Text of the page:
The majority of people who came to Kasap ƒlyas from outside Istanbul in the 1880s and 1890s came without holding legal travel documents. Therefore, if they wanted to be ofﬁcially registered in the mahalle or to obtain regular travel documents when they left the neighborhood (they needed to have, as
we saw, either the pusula to move within Istanbul or the mürur tezkeresi for moving over longer distances), they had to have a sponsor/guarantor. Somebody the muhtar knew and trusted had to witness and authenticate that person’s statement of identity. Put another way, the presence of a guarantor was necessary for the migrants in order to legalize their residence in the capital. The identity of the guarantors who put their signature in the muhtar’s books is therefore signiﬁcant for tracing eventual networks of solidarity and patronage linking residents of Kasap ƒlyas to newcomers.
It appears that the identity-guaranteeing signature of these keﬁls was in fact nothing but a sort of subsidiary procedure that allowed for the bypassing of the passport laws. The Arapkirlis of our neighborhood had arrived in Istanbul thanks to the help of a network of primary relationships that provided them with a place to live (mostly in and around the Ispanakçı Viranesi) and a job (for the largest number, the ambulant vending of fresh fruits and vegetables). What they lacked were the ofﬁcial travel documents, and therefore the certiﬁcate of ofﬁcial residence in Istanbul, signed by the local head-
man of a mahalle. But this was really no problem. For there always seems to have been in the mahalle a fellow citizen from Arapkir ready to act as a legal sponsor/guarantor and a muhtar complacent enough to accept this sponsorship and to produce the necessary residence certiﬁcate. Basically the Arapkirbased regional network of support that provided both housing and work to the newcomers was at work to secure ofﬁcial papers as well. In a way, this three-tiered support and solidarity system for rural migrants is not fundamentally different from that which functioned in republican Turkey and that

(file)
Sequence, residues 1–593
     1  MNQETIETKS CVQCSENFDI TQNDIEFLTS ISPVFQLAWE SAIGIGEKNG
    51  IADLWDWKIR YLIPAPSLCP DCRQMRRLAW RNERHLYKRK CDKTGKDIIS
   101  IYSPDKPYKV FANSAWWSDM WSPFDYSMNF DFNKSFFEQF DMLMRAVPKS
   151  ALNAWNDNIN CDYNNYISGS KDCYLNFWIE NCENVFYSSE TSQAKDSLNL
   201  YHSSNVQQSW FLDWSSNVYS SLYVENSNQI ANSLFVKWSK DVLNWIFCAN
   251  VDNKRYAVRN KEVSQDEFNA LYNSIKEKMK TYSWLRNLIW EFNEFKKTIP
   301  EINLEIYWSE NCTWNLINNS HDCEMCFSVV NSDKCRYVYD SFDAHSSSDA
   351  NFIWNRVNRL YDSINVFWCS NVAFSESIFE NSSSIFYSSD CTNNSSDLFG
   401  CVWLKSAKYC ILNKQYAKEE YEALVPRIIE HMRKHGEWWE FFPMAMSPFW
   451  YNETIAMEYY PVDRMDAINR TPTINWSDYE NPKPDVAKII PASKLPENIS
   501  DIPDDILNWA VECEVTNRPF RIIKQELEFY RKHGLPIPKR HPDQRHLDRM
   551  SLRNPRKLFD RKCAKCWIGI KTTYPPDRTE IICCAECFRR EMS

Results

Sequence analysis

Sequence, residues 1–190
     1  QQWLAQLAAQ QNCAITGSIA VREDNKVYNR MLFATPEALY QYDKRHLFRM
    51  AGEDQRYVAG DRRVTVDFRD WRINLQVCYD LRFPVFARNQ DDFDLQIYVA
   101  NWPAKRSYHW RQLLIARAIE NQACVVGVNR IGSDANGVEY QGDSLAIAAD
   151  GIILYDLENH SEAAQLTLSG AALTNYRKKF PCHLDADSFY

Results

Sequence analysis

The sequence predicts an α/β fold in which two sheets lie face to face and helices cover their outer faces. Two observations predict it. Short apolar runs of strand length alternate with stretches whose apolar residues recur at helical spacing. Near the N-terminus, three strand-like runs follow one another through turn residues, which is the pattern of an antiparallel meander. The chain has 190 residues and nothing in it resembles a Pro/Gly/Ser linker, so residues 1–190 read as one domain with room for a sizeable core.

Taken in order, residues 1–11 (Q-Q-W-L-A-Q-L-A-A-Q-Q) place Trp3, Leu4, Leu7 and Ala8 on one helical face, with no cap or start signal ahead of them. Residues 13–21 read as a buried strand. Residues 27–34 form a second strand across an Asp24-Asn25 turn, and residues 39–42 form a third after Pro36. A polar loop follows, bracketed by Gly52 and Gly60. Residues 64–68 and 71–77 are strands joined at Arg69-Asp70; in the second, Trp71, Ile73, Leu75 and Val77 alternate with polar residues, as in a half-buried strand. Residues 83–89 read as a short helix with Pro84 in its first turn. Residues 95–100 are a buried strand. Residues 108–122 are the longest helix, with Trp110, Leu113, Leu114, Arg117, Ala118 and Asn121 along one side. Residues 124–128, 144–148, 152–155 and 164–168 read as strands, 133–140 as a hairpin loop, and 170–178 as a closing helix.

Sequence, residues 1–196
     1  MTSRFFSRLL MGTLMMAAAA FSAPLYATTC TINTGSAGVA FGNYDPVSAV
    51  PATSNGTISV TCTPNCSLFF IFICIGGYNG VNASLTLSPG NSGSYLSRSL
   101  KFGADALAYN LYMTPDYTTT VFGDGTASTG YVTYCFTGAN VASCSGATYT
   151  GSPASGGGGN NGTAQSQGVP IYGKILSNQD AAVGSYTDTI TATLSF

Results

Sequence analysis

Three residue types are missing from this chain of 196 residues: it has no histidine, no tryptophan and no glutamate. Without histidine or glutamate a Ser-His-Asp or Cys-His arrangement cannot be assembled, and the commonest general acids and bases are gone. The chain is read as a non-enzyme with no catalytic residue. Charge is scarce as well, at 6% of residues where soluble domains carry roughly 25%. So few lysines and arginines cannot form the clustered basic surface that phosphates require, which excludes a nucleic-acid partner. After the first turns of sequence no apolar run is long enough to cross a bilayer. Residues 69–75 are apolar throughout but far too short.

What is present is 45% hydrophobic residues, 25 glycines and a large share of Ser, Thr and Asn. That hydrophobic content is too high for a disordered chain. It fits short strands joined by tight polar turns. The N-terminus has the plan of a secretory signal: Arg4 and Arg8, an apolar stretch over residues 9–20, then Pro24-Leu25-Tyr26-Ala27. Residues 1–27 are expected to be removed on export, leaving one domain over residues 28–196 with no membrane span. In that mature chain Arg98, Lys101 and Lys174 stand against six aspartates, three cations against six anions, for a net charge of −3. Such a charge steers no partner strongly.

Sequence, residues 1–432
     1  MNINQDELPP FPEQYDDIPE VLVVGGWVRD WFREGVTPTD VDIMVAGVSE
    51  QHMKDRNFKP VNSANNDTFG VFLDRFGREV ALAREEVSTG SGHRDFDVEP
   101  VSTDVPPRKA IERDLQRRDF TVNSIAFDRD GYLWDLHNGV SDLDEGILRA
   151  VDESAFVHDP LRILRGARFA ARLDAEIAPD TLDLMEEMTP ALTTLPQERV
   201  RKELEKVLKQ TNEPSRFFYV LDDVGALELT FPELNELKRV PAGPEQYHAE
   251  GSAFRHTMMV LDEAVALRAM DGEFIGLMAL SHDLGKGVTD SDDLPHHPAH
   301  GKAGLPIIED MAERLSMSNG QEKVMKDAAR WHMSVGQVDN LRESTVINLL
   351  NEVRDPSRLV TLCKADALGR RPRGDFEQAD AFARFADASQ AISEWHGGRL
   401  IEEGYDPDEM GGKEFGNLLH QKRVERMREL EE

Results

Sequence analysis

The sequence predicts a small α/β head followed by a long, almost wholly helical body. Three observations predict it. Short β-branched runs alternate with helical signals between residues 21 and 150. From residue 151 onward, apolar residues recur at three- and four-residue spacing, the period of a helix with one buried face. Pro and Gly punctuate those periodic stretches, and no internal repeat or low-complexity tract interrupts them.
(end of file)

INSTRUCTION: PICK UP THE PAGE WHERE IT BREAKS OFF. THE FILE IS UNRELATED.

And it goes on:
helped many groups of rural migrants in a metropolis like Istanbul.60
Every time the muhtar of Kasap ƒlyas gave an Arapkirli one of these certiﬁcates, the local keﬁl was asked to stamp with his own seal (mühür) the relevant page of the muhtar’s notebook.61 All of these were obviously cases of people leaving the neighborhood, because only those people who had moved
to the neighborhood without the required ofﬁcial documentation would need the presence and the seal of a guarantor in order to obtain the pusula when they left Kasap ƒlyas. There were no less than 190 cases of people who left the mahalle and were recorded as such in the muhtar’s notebooks, in the 1885–1895 period. More than two thirds of these records are accompanied by the seal of the guarantor. The material state of the documents, however, have allowed for the decipherment of 79 of the keﬁl seals only, and we shall try to have a closer look at them.
First of all, the muhtar of Kasap ƒlyas personally knew most of these guarantors. On top of their seals in his notebook the muhtar often jotted down a remark that designated these keﬁls in terms that are indicative of a certain degree of familiarity. “The guarantor is Ali,” or “the guarantor is Yusuf, from the coffeehouse,” is the most frequent type of remark. The muhtar did not care to give any detailed information on the identity of these persons, their occupation, or their whereabouts within the neighborhood.62
There was no need for it, since he knew them well and trusted them. The muhtar acted therefore, in a sense, as a guarantor for these guarantors.
Among the 79 legible guarantor seals in the notebooks of the muhtar of Kasap ƒlyas, some names appear much more frequently than a random distribution of guarantorships among the residents could ever warrant. For instance, the name of Kahveci Ibrahim (Ibrahim the coffeehouse keeper) occurs no less than thirteen times in the muhtar’s notebooks. Kahveci Arapkirli Yusuf (Yusuf the coffeehouse keeper from Arapkir) appears as guarantor in twelve instances. The name of Süleyman Kâhya appears six times, that of Halil Kâhya four, and that of Bekir three times. Therefore only two people (Ibrahim and Yusuf), two coffeehouse owners (or perhaps managers), had signed as guarantors in more than one third of the cases, and almost half the guarantor seals belonged to just ﬁve people. As to the remaining fourty one legible seals, none appears more than twice.